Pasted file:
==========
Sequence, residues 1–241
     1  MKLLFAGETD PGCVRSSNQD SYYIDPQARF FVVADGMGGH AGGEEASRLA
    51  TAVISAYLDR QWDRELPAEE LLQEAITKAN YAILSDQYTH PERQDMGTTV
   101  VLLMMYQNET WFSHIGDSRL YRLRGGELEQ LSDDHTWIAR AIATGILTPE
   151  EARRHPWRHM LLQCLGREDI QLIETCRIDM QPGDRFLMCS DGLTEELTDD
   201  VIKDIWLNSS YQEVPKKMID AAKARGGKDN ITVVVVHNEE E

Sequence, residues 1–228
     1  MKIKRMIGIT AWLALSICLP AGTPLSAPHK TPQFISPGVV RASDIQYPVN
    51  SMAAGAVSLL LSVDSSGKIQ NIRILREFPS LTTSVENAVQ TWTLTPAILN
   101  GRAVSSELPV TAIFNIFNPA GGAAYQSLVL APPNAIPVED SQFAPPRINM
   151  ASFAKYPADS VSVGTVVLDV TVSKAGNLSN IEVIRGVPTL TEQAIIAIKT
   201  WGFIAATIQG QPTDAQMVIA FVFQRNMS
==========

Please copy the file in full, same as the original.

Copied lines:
Sequence, residues 1–241
     1  MKLLFAGETD PGCVRSSNQD SYYIDPQARF FVVADGMGGH AGGEEASRLA
    51  TAVISAYLDR QWDRELPAEE LLQEAITKAN YAILSDQYTH PERQDMGTTV
   101  VLLMMYQNET WFSHIGDSRL YRLRGGELEQ LSDDHTWIAR AIATGILTPE
   151  EARRHPWRHM LLQCLGREDI QLIETCRIDM QPGDRFLMCS DGLTEELTDD
   201  VIKDIWLNSS YQEVPKKMID AAKARGGKDN ITVVVVHNEE E

Sequence, residues 1–228
     1  MKIKRMIGIT AWLALSICLP AGTPLSAPHK TPQFISPGVV RASDIQYPVN
    51  SMAAGAVSLL LSVDSSGKIQ NIRILREFPS LTTSVENAVQ TWTLTPAILN
   101  GRAVSSELPV TAIFNIFNPA GGAAYQSLVL APPNAIPVED SQFAPPRINM
   151  ASFAKYPADS VSVGTVVLDV TVSKAGNLSN IEVIRGVPTL TEQAIIAIKT
   201  WGFIAATIQG QPTDAQMVIA FVFQRNMS